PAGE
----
TVNewser Jobs PRNewser Jobs AgencySpy Jobs SocialTimes Jobs

Posts Tagged ‘Patch’

Patch Admits it Lifted Photo From Local Blogger

AOL Patch has admitted it was wrong in lifting a photo off a local blog in New Rochelle, NY. In an email to Talk of the Sound blogger Robert Cox, Patch.com editor-in-chief Brian Farnham admitted the New Rochelle Patch local editor Allison Esposito misled her editors when questioned about the photo, and in fact lifted the picture.

This is even worse, considering the Hudson Valley regional editor for Patch Kathleen Ryan O’Connor wrote to MJD on Tuesday to say “Allison Esposito, did not plagiarize anything from Mr. Cox’s blog in any form.” She then added, “The objects in question — police generated mug shots — are publicly available and any similarity to Mr. Cox’s presentation of those public images is purely coincidental.”

That prompted Cox to respond via his blog, outlining all the steps he took when altering the pictures in photoshop. Farnham has now apologized to Cox and to clarify that O’Connor was misled. “The image she [Esposito] posted was, in fact, a download of the composite image you made from the police mug shots,” wrote Farnham in an email to Cox. “I sincerely apologize for this unattributed and unauthorized use of your image. We have extremely high standards of journalism here at Patch, and Allison did not live up to them. Her behavior was unacceptable and we are taking immediate disciplinary action. The image has already been removed from our story.”

“As this is all I had asked — remove it or give me credit — I consider the matter closed,” said Cox in an email to MJD.

You can read Mr. Farnham’s entire email to Cox after the jump.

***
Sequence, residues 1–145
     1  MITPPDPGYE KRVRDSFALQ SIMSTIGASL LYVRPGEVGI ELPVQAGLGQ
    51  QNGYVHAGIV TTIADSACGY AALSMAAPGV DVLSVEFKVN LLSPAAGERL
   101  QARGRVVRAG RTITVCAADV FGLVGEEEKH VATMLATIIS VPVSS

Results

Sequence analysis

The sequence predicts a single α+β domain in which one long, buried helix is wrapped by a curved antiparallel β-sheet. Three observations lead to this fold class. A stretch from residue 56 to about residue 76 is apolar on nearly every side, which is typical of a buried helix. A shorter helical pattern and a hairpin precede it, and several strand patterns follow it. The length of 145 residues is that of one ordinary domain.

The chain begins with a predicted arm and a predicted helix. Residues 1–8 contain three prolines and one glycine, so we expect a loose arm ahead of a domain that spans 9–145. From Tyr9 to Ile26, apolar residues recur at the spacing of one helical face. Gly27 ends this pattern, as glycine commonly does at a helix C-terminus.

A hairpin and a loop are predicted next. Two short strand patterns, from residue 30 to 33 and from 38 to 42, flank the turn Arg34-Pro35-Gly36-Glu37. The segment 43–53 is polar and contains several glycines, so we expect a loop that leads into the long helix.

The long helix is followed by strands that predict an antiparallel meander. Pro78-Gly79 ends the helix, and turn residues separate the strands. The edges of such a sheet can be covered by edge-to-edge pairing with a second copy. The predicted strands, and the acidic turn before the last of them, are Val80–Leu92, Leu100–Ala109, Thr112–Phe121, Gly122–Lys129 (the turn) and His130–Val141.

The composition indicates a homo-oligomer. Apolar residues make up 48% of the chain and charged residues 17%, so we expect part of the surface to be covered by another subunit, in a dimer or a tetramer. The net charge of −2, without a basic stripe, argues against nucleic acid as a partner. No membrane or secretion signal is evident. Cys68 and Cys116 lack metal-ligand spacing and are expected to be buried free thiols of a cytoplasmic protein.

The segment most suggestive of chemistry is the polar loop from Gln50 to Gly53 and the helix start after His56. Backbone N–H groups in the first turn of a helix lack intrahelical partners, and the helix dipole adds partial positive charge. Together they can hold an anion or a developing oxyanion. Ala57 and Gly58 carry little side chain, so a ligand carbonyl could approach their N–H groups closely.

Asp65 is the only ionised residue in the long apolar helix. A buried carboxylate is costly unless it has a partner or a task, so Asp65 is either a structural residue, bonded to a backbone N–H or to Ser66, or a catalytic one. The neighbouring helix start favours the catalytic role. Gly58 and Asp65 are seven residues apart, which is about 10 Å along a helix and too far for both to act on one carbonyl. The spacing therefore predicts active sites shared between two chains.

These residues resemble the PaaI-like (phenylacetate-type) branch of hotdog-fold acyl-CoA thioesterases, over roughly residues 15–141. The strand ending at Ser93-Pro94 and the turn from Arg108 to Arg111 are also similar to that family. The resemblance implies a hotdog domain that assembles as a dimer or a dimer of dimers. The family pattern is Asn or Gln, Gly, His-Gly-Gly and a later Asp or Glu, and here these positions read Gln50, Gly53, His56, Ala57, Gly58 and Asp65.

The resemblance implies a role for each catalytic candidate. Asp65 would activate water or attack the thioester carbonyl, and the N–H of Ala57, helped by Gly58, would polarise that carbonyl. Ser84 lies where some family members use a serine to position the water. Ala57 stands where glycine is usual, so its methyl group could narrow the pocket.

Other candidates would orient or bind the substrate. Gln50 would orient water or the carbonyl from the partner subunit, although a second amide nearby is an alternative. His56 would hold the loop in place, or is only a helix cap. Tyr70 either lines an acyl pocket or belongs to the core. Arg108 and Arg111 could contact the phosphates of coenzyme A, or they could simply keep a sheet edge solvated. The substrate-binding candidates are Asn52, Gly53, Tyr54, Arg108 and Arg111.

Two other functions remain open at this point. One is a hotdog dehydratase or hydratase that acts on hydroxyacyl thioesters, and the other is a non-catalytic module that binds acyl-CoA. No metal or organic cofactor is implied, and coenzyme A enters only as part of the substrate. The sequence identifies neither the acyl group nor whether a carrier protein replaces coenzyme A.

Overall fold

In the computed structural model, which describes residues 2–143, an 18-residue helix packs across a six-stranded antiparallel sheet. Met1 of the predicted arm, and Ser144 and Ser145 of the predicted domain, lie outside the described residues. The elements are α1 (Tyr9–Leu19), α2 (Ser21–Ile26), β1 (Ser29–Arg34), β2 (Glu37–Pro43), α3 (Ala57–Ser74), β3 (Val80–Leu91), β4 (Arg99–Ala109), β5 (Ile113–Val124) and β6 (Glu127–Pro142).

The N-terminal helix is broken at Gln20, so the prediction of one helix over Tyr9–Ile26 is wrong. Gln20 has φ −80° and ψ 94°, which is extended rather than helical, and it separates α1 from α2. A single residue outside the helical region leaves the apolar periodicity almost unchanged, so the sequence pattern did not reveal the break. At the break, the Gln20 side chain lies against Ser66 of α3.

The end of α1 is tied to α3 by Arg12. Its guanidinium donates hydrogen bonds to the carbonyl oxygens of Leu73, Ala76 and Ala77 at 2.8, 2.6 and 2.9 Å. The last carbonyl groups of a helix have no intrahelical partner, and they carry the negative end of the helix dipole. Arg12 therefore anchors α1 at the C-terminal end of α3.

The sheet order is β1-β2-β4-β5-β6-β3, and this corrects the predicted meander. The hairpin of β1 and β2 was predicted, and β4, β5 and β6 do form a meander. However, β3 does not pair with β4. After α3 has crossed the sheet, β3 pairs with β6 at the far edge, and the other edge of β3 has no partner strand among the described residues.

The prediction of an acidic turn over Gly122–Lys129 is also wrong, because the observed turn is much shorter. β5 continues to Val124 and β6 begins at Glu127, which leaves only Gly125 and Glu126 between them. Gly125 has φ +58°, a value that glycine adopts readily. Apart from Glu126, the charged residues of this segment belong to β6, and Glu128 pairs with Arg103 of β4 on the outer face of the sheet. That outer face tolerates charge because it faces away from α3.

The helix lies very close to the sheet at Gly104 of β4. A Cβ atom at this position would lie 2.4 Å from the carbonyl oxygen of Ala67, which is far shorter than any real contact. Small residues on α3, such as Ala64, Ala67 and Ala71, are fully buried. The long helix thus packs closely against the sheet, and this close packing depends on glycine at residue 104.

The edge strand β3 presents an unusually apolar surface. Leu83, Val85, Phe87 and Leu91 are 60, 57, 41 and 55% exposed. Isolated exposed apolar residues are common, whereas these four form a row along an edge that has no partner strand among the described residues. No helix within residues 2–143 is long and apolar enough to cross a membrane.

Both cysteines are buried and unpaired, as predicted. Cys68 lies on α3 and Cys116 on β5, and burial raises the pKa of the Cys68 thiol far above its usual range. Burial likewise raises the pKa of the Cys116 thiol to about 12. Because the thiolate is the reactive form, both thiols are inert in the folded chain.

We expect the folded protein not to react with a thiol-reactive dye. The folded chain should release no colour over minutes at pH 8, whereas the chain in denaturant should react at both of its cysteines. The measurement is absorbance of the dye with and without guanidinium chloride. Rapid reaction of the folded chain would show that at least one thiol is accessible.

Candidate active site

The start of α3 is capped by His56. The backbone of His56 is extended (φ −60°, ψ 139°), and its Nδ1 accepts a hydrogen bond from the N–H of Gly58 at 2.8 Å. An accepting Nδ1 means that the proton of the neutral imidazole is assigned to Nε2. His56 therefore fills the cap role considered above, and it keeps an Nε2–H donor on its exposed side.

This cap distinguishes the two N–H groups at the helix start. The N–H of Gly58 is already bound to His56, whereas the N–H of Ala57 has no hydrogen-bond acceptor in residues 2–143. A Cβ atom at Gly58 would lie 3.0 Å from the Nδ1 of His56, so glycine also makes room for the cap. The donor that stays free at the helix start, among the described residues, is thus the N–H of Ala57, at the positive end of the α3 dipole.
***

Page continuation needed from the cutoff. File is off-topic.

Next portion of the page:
Read more

Mediabistro Course Management 101

Become a better manager in our new online boot camp, Management 101! Starting October 27, MediabistroEDU instructors will teach you the best practices being a manager, including, how to transition into a management role, navigate different team personalities, plan a team event and more! Register before September 30 to get $50 OFF with early bird pricing. Register now!

The post Featured Post appeared first on MBToolBox.

New Rochelle Patch Responds to Charges of Plagiarism, Bias

Update: [A day after Patch responded to plagiarism, denying the claim that the local editor lifted a photo, Patch admitted that their statement below was based on false information. The company has since acknowledged that local editor Allison Esposito lifted the photo then lied about it to her editors. Here's the email Patch editor-in-chief sent to the New Rochelle blogger for Talk of the Sound Robert Cox, admitting the mistake.]

Yesterday in the nightly roundup, I mentioned a claim by a local blog in the New Rochelle, New York area that charged AOL’s Patch with plagiarism. Talk of the Sound managing editor Robert Cox wrote a post saying that the New Rochelle Patch editor Allison Esposito took photos from Talk of the Sound and published it on the Patch.

“As readers know, we like to publish a photo across the full column of most stories. In this case, I obtained the three mug shots from NRPD and then used Adobe Photoshop to make a single image containing all three mug shots, cropped, along with a caption indicating the names of each suspect,” wrote Cox. “As is plain from looking at the image file on AOL Patch, Ms. Esposito lifted that image from Talk of the Sound, chopped off the caption with the names and presented it as her own work.”

AOL Patch has responded to the claim. In an email from the Hudson Valley regional editor for Patch, Katie Ryan O’Connor said “Allison Esposito, did not plagiarize anything from Mr. Cox’s blog in any form.” She goes on to add that “The objects in question — police generated mug shots — are publicly available and any similarity to Mr. Cox’s presentation of those public images is purely coincidental. Linking mug shots together in Photoshop (in this case, apparently doing nothing more than placing three similar sized objects in a row) is standard operating procedure for news organizations everywhere.”